The research is undertaken to understand the role of the Asian Infrastructure Investment Bank (AIIB) in the galaxy of diverse Multilateral Development Financing Institutions that have a rich history of supporting development projects across the world. The AIIB’s entry is premised on the context to support and minimize the infrastructure gap in the developing world, most notably Asian countries.
The Bank understands itself to be course corrector, in the sense it seeks to build on the experiences and challenges of existing banks such as World Bank, International Monetary Fund, Asian Development Bank and other institutions. A detailed analysis of the bank’s institutional, governance architecture and its policies is also included. The bank has competitively managed to position itself in developmental projects around the world and has had groundswell of support from countries who have subscribed to its shareholding structure. The emphasis of the Bank is to critically promote sustainable infrastructure through active support cross-sectoral ventures that will mitigate climate change effects, increase access in energy, transportation and catalyze on private sector financing to achieve results.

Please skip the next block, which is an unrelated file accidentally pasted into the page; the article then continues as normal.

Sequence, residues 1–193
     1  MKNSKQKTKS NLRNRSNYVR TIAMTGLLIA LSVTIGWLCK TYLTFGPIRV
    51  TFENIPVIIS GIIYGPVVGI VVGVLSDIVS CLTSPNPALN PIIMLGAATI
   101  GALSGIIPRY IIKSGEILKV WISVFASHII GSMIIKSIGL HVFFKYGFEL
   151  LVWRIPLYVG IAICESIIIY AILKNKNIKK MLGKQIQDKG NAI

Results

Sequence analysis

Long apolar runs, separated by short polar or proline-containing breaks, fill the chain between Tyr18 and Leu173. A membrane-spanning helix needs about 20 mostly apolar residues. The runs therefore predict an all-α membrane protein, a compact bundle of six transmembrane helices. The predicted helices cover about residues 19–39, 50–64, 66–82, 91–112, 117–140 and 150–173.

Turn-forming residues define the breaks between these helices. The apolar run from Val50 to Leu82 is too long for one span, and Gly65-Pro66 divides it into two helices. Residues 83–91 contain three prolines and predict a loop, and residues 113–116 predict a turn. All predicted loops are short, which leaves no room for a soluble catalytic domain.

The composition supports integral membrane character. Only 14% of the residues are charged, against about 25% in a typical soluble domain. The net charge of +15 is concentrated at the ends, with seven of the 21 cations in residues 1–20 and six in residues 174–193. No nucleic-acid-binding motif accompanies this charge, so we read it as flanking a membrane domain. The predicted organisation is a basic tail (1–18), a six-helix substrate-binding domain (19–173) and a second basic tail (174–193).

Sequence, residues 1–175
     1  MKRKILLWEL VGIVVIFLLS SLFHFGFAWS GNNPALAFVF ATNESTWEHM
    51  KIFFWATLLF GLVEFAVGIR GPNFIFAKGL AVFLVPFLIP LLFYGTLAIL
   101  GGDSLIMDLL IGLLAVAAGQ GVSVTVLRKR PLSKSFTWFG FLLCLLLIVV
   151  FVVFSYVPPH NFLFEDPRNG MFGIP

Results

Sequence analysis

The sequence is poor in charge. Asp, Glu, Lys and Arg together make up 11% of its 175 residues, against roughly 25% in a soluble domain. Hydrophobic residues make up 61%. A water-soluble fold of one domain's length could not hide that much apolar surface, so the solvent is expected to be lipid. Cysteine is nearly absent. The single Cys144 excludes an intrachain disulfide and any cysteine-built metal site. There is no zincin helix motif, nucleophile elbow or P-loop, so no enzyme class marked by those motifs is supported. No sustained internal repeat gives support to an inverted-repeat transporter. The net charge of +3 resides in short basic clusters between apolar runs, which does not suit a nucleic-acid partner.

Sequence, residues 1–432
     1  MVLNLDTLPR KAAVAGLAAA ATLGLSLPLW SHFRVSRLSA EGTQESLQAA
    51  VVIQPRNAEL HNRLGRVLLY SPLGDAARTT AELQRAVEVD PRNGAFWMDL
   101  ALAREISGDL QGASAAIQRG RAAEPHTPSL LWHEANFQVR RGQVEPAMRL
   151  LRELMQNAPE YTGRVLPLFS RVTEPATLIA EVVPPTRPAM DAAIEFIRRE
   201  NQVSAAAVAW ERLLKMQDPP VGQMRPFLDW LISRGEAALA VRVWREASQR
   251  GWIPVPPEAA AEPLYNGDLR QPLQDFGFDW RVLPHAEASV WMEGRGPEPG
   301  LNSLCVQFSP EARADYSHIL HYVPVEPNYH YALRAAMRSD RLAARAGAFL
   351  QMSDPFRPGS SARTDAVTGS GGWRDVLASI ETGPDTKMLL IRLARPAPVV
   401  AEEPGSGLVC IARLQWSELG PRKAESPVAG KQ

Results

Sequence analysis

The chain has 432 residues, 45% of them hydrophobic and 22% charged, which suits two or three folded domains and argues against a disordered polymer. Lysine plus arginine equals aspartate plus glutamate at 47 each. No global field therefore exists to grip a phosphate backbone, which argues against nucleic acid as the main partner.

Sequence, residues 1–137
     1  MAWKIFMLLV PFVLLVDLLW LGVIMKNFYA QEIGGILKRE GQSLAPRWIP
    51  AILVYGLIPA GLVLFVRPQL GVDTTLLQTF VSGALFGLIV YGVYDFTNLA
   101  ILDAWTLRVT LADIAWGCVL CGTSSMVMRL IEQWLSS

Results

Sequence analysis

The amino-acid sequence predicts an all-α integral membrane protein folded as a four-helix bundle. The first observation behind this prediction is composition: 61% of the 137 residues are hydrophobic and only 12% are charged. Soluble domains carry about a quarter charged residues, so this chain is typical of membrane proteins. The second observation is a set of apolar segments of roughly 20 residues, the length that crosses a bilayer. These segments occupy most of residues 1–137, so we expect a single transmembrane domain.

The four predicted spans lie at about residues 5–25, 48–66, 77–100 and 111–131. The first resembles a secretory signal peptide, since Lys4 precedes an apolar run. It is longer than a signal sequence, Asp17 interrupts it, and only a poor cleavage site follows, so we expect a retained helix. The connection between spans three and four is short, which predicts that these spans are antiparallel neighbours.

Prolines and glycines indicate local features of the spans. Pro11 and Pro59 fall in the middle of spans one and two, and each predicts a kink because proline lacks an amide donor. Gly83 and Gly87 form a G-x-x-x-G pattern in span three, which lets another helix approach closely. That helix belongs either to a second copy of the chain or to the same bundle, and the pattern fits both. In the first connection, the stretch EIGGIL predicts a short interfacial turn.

In order to fully fathom the extent of its activities, the research has undertaken to study four case studies which include two of AIIB’s projects in India and two projects funded in Egypt and Azerbaijan. A major focus of this study is intended to apprise Civil Society of the modalities, thrusts and themes focused by the Bank and review the various gaps and deficits in thematic areas focused by the bank. In the long run it is envisioned that AIIB establishes a forum as in the case with World Bank and International Monetary Fund where Civil Society participation can utilize its platform to provide critical input on policy coherence.
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Supported by: Heinrich Boll Stiftung
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